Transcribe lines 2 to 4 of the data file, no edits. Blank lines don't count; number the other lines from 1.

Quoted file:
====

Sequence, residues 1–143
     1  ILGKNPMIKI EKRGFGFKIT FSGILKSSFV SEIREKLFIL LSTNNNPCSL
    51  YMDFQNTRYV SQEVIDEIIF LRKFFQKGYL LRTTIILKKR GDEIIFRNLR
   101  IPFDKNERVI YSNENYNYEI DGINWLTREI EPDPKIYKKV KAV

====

     1  ILGKNPMIKI EKRGFGFKIT FSGILKSSFV SEIREKLFIL LSTNNNPCSL
    51  YMDFQNTRYV SQEVIDEIIF LRKFFQKGYL LRTTIILKKR GDEIIFRNLR
   101  IPFDKNERVI YSNENYNYEI DGINWLTREI EPDPKIYKKV KAV